5. Two-dimensional gel electrophoresis and identification of PSD protein
  6. Protein identification by automated 2DLC-tandem mass spectrometry and data analysis
  7. Results and Discussion
  8. Identification of proteins in the PSD fraction
  9. Proteins involved in signal transduction
  10. Structural proteins
  11. Proteins in presynaptic fraction
  12. Proteins belonging to other groups
  13. Conclusion
  14. Acknowledgements
  15. Supplementary material
  16. References

The purified PSD (6 mg proteins) was dissolved in 1 mL of 7.0 m guanidine-HCl buffered with 500 mm Tris-HCl (pH 8.0) containing 10 mm EDTA. The preparation was reduced by the addition of 1 mm dithiothreitol (DTT) and was S-carbamoylmethylated with 10 mm iodoacetamide under a nitrogen atmosphere as described previously (Mawuenyega et al. 2003). The S-carbamoylmethylated proteins were dialysed against 10 mm Tris-HCl (pH 8.0) to remove excess reagents, and then digested overnight at 37°C with sequence grade modified trypsin (Promega, Madison, USA) at an enzyme-substrate ratio of 1 : 25 (w/w). The digests were acidified to pH 2 by addition of an aliquot of concentrated HCl and precipitates that formed were removed by centrifugation. The supernatant was adjusted to pH 8 with aqueous ammonia, and subjected immediately to analysis with an automated micro scale 2DLC-MS/MS system (Isobe et al. 2003).

The 2DLC-MS/MS analysis was performed as described (Mawuenyega et al. 2003). The peptide mixture was separated by a combination of first-dimensional anion-exchange LC on a bioassist-Q column (2 mmID × 35 mmL, 5 µm particles, TOSOH, Tokyo) and second-dimensional reversed phase LC on a Mightysil-C18 column (320 µm ID × 100 mm L, 3 µm particles, Kanto Chemicals, Tokyo), which were synchronized by a computer program. The eluted peptides were sprayed directly into a quadrupole time of flight (Q-TOF) hybrid mass spectrometer (Q-Tof-2, Micromass Ltd, Manchester, U.K). The total analysis time for a single 2DLC-MS/MS process was 16 h.

The large volume of MS/MS data was acquired with the software MassLynx (Micromass, Manchester, UK), converted to text files listing mass values of the parent ions and intensities and masses of fragment ions using ProteinLynx software (Micromass), and processed with the MASCOT algorism (Matrix Science Ltd, London, UK) to assign peptides in the NCBI non-redundant sequence database using a taxonomic restriction, ‘mammalia’. The database search was performed with parameters as described by Mawuenyega et al. (2003). The results were extracted using an in-house program ‘stem’ and imported into Microsoft Excel (Seatlle, WA, USA) for further analysis. We first screened the candidate peptides based on a probability-based Mowse score and finally selected the ‘hit’ peptides under the criteria described below in the Results section.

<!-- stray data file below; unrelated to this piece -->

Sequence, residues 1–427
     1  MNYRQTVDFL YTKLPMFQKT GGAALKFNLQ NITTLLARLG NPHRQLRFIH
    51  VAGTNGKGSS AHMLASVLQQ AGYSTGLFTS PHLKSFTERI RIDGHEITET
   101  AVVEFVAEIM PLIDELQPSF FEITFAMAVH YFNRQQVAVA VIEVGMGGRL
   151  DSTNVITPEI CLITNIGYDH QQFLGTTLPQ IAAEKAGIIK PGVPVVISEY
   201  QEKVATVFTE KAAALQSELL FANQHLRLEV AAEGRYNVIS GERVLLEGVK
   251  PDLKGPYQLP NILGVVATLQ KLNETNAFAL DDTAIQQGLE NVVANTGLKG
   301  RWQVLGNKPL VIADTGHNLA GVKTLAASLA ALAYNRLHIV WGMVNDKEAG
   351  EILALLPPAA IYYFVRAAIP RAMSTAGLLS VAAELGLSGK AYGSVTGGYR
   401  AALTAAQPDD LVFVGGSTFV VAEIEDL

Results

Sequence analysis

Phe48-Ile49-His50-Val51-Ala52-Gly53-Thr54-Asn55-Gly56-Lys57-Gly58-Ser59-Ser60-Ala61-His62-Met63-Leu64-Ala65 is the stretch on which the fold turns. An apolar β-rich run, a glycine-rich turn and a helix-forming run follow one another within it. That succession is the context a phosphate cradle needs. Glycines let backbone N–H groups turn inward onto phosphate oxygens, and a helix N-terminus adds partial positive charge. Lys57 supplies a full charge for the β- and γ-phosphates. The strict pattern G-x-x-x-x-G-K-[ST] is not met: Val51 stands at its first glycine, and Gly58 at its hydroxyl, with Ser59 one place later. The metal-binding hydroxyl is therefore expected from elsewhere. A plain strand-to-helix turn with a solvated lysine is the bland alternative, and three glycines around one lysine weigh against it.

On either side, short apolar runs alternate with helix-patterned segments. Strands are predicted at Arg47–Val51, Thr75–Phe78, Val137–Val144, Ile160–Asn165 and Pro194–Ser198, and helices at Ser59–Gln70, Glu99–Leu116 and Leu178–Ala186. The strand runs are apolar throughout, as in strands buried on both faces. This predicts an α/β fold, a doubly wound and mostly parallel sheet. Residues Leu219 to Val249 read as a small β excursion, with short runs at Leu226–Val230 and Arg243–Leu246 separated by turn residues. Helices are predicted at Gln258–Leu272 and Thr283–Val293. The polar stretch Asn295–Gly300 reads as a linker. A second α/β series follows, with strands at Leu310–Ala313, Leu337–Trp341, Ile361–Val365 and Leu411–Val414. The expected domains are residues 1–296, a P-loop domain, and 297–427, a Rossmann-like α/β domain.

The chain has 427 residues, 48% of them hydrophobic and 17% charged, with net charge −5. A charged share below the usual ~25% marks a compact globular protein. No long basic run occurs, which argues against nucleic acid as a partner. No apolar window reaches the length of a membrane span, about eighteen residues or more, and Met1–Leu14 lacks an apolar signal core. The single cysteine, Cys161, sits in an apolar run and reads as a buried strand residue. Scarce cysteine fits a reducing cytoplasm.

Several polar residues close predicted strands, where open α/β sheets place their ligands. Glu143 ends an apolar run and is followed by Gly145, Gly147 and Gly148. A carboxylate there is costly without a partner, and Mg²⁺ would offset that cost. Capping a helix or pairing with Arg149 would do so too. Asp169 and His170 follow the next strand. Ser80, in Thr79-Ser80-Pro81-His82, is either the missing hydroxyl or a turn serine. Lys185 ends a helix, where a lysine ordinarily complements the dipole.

Identification of proteins in the PSD fraction

  1. Top of page
  2. Abstract
  3. Materials and Methods
  4. Purification of PSD
  5. Two-dimensional gel electrophoresis and identification of PSD protein
  6. Protein identification by automated 2DLC-tandem mass spectrometry and data analysis
  7. Results and Discussion
  8. Identification of proteins in the PSD fraction
  9. Proteins involved in signal transduction
  10. Structural proteins
  11. Proteins in presynaptic fraction
  12. Proteins belonging to other groups
  13. Conclusion
  14. Acknowledgements
  15. Supplementary material
  16. References

To examine the complexity of the PSD fraction, proteins of this fraction were separated by 2D-gel electrophoresis, and stained with Coomassie blue. As shown in Fig. 1, about 80 proteins were detected using 200 µg of total protein. Major proteins were identified by protein sequencing or LC-MS/MS, and indicated by arrows. This PSD preparation was then analysed using an integrated liquid chromatography (LC)-based protein identification system, which has the potential to identify ∼1000 proteins in a single analytical run (Mawuenyega et al. 2003). The analysis was repeated three times, and in each case, the MS/MS data was processed to assign candidate peptides in the NCBI genome database. We basically selected the candidate peptide, whose probability-based Mowse score (total score) exceeded a threshold that indicated significant homologuey (p < 0.05), and referred to it as a ‘hit’ according to the manufacturer's definition (Matrix Science, Ltd). Furthermore, we set stricter criteria for the protein assignment: (1) Peptide ions with a y-or-b ion series of 2 or more was considered as a ‘hit’ candidate. (2) Proteins, whose identity score exceeded 10 (p < 0.005), were referred to as ‘assigned’. (3) If the protein was assigned with a single peptide candidate having a identity score lower than 10, the original MS/MS spectrum was carefully inspected to confirm that the assignment was based on three or more y- or b-series ions. (4) For all candidates, if the individual candidate carried multiple modifications, its MS/MS spectrum was visually inspected for confirmation. In cases where all modifications were evident from the MS/MS signals, the peptides were included among the ‘hit’ peptides.